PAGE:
In contrast to Iran’s destructive ambitions and manipulative nuclear activities, Israelis are working from the microscopic to the atomic level, in order to develop vital medical treatments and life-enhancing technology.
Knowledge of the minute interactions in the brain will lead to the next medical breakthrough. So it is timely that Canada has just announced a multi-million program to fund joint Canadian-Israeli neuroscience research projects. Staying inside the brain, Israeli biotech Pharma Two B has announced positive results in its trials of P2B001 for the treatment of early stage Parkinson’s disease.
Hardly a week goes by without an Israeli breakthrough with tiny stem cells. Weizmann Institute scientists have used embryonic stem cells in clinical tests to repair damaged lung tissue and help alleviate chronic respiratory disease. And Israelis such as Tel Aviv University Professor Udi Qimron are at the forefront of exciting antibiotic research using bacterial viruses (phages). Professor Qimron has published how phages transfer "edited" DNA into resistant bacteria to kill off resistant strains and make others more sensitive to antibiotics. And if you are worried that your dog has an infection, the PCRun molecular detection test kits from Israel’s Biogal Galed Labs will diagnose it in 75 minutes instead of previously several days.
Researchers from Tel Aviv University and Israeli medical centers have developed a groundbreaking method for sealing the incisions in the eye following cornea transplant surgery. They used tiny silver halide optical fibers to deliver an infrared laser beam at the precise temperature needed to bond the tissue. And scientists at Israel’s Technion have injected the heart with light-stimulated genes and used pulses of light to regulate the heart, just like a mechanical pacemaker. But the most fascinating microscopic device could be the implanted microchip being developed jointly by Israel’s Teva and US firm Microchips Biotech that will deliver Teva-made treatments direct to patients. The technology avoids having to measure out meds or to even to remember to take them - perfect for the elderly and forgetful.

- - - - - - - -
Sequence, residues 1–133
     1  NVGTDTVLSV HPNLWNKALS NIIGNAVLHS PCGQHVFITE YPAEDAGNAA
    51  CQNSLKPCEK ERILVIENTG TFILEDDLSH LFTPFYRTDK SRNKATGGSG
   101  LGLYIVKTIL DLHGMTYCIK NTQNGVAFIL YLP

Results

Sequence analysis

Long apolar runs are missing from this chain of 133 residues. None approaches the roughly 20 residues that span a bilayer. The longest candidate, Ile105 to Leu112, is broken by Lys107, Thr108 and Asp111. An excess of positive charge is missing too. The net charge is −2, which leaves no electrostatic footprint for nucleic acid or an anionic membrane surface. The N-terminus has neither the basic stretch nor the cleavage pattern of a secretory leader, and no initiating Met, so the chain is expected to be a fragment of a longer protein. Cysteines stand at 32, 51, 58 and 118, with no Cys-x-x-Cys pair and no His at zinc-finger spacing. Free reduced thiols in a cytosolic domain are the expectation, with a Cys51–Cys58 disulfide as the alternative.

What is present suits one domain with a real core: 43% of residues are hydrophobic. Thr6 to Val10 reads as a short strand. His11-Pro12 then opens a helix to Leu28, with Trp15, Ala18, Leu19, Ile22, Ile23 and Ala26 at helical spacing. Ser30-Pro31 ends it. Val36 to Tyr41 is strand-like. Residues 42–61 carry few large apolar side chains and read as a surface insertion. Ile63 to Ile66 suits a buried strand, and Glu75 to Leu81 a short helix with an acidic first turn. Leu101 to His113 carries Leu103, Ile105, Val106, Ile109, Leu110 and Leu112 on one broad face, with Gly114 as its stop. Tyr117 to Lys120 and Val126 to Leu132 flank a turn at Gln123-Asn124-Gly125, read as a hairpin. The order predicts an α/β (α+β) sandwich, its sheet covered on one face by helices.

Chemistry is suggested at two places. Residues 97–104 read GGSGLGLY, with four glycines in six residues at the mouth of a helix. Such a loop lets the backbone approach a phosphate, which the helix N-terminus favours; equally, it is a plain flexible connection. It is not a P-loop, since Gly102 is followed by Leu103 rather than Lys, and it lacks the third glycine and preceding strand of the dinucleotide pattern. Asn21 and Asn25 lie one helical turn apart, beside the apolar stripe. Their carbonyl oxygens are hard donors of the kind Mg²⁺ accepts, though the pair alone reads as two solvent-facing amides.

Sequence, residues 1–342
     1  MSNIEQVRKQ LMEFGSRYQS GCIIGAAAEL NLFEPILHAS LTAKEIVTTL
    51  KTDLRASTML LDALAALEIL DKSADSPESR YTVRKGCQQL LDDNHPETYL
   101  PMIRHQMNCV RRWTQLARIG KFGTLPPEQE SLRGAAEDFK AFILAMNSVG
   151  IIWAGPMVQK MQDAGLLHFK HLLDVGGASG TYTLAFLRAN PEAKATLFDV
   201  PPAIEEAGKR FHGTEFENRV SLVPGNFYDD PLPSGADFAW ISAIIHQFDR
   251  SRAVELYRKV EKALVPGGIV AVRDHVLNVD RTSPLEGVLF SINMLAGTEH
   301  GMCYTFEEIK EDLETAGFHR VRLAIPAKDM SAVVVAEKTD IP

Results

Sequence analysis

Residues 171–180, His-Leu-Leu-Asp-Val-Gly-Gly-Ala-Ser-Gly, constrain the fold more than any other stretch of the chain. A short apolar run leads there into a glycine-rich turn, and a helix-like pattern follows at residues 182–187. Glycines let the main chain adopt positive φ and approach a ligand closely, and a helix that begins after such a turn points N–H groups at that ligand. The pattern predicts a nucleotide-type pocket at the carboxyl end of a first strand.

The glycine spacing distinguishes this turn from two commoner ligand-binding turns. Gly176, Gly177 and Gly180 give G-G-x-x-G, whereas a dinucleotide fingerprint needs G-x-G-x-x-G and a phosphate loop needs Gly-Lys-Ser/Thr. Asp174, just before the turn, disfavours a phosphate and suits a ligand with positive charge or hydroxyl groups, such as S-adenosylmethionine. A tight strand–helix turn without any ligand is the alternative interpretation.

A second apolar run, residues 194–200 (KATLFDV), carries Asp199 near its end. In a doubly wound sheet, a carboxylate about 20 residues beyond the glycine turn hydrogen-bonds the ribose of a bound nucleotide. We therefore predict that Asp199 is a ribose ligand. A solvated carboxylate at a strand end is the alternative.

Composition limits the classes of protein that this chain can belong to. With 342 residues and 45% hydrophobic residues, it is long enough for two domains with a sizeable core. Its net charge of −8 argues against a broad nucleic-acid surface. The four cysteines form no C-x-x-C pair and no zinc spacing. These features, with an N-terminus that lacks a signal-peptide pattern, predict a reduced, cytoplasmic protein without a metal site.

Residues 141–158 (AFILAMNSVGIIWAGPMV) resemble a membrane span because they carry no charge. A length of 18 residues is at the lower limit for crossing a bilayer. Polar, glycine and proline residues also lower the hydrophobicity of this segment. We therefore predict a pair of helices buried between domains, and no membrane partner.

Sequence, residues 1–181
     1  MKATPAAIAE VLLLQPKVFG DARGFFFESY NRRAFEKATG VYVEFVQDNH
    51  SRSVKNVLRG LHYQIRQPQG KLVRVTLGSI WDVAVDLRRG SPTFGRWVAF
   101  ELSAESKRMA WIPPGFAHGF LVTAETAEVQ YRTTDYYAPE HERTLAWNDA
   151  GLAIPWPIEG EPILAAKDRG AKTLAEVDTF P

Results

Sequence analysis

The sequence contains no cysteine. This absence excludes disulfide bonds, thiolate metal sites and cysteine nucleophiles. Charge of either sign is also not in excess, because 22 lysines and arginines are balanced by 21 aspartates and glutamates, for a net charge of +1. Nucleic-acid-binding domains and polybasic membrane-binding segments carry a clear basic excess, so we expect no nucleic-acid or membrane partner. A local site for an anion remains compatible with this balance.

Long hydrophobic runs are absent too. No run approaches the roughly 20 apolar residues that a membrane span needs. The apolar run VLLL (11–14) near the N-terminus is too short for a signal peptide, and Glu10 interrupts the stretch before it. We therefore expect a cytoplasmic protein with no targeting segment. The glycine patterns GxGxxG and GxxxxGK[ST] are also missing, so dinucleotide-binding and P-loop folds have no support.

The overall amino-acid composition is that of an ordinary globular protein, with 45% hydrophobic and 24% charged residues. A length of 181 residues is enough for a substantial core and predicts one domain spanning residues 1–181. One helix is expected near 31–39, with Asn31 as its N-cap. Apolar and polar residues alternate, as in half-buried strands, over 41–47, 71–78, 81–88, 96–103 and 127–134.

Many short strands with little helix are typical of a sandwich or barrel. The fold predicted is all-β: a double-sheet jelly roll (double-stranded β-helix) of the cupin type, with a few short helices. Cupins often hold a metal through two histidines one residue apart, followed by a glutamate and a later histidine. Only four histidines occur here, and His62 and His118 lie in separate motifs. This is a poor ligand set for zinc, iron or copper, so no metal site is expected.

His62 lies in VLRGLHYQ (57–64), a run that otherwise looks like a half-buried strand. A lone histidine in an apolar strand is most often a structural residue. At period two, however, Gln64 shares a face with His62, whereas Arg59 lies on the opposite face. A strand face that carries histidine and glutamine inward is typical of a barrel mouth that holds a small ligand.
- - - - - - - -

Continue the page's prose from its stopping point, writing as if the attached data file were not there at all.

We now launch into the world of water, where Israeli micro-biological technology has the potential to save half of the planet from drought. Israeli startup Ayyeka has developed a unique water chemical pollutant monitoring kit that is being piloted in Israel. And H2energy Now is the first Israeli startup to be invited to the European Union-sponsored Alpine High-tech Venture Forum. H2energy’s technology uses radio waves to break the hydrogen-oxygen bond in salt water. The hydrogen produced is a source of clean energy. And it is definitely worth watching this video featuring Israel’s Netafim and its drip irrigation system that is globally transforming unproductive land into flourishing agricultural centers.
Israel’s Adama has just received Israeli approval to market NIMITZ, a low-toxic, eco-safe chemical to control nematodes, one of the most destructive and problematic pests in agriculture. Meanwhile, toxic pesticides in the rice fields have devastated Japan’s bee population. Which is why Israel’s Bio Bee, at Kibbutz Sde Eliyahu, is exporting bumblebees in spacious hives, each with an impregnated queen bee and 50 worker bees.
Israel’s Phytech has developed its Plantbeat sensors to measure how healthy a plant is and what to do to improve it. Phytech is to sell its PlantBeat alert system to farmers in North and South America. And if you want to know the fundamental constituents of any food item, you will be pleased to hear that, after 4 years of development, the new SCIO scanners from Israel’s Consumer Physics are now being shipped to customers.
Finally, there is likely to be the usual “nuclear reaction” by the Palestinian Authority leadership as they try to deny more evidence of historical Jewish existence in the Jewish State, following the discovery by the Shimshoni family of a perfectly-preserved 2,000-year-old Jewish ritual bath (mikvah) directly under the living room floor of their Jerusalem home.
Explosive stuff, no?
Michael Ordman writes a free weekly newsletter containing positive news stories about Israel.
For a free subscription, email a request to firstname.lastname@example.org